Alan Judd

Alan Judd’s latest spy novel, ‘Queen & Country’, is published by Simon&Schuster.

Could you become a spy?

Why spy? Why do people become spies, what are their motives, their justifications, and how do they perceive what they are doing? Could any of us do it? Are we all potential spies? Short answer: yes. Long answer: depends on circumstances. The Sunday Times ran a story about Abdi (a pseudonym), who was recruited in

Behind the Five Eyes intelligence alliance

In February 1941 four US officers were landed from a British warship at Sheerness, bundled into vehicles and driven to Bletchley Park, Buckinghamshire, a large redbrick house amid wartime huts. They were greeted at midnight by the head of Bletchley with sherry, whisky being in short supply. They carried with them a secret device called

The delicate business of monitoring the monarchy

This very readable account of relations between the British intelligence services and the Crown does more than it says on the tin. Although subtitled ‘Spying and the Crown, from Victoria to Diana’, it quite properly begins with Queen Elizabeth I and the intelligence network masterminded by Francis Walsingham, whom MI6 regard as their historical progenitor.

The Pearl Harbor fiasco need never have happened

It is sometimes said that intelligence failures are often failures of assessment rather than collection. This is especially so when the intelligence is unwelcome or unfashionable. MI6’s first report of prewar Germany’s secret U-boat building programme was withdrawn from circulation at the request of the Foreign Office, reluctant to alarm Whitehall’s appeasers. Action Likely in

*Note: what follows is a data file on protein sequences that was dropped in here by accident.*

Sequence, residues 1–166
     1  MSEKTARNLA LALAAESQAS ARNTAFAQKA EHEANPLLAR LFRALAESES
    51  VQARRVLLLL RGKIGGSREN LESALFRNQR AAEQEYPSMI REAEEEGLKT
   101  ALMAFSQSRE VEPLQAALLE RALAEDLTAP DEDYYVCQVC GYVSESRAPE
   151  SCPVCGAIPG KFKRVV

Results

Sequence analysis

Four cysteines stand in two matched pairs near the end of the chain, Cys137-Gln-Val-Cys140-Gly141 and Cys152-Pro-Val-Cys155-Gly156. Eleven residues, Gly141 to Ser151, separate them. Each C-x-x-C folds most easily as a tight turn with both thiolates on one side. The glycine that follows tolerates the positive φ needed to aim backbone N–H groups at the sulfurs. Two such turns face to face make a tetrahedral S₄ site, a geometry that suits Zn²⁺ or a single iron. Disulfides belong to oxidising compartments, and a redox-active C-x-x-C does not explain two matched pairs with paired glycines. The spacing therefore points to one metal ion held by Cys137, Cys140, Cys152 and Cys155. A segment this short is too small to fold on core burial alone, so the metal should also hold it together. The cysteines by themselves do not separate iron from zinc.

Nordic noir

Anyone mildly interested in the second world war probably knows two things about our wartime alliance with Norway, following its invasion by Germany. One is the great Christmas tree that appears in Trafalgar Square every year, a gift from the Norwegian government in recognition of that alliance. The other is the daring raid to sabotage

Betrayal in Berlin – a small but important part of the Cold War story

The Berlin Tunnel was an Anglo-American eavesdropping operation mounted against Russian-controlled East Berlin in 1955–56.  It was a technical and engineering triumph which yielded a vast hoard of intelligence and, crucially, guaranteed early warning of any surprise Russian attack (as was mooted by the Russian military). Yet it was betrayed to the Russians by the

Disputes over Putin

These two refreshingly concise books address the same question from different angles: how should we deal with Russia? Mark Galeotti focuses on Vladimir Putin himself, his background, aims, tactics and strategy (if any).  Andrew Monaghan takes a wider approach, analysing Russia’s strengths and weaknesses, its self-image, its perceptions and misperceptions of us, ditto ours of

Could they have tried harder?

Awareness of German opposition to Hitler is usually limited to Colonel Claus von Stauffenberg’s attempt to blow up the wretched man on 20 July 1944. Hitler was at a briefing in his Wolf’s Lair, a secret forested redoubt, when Stauffenberg entered the room with his briefcase bomb (containing British plastic explosive), placing it beneath the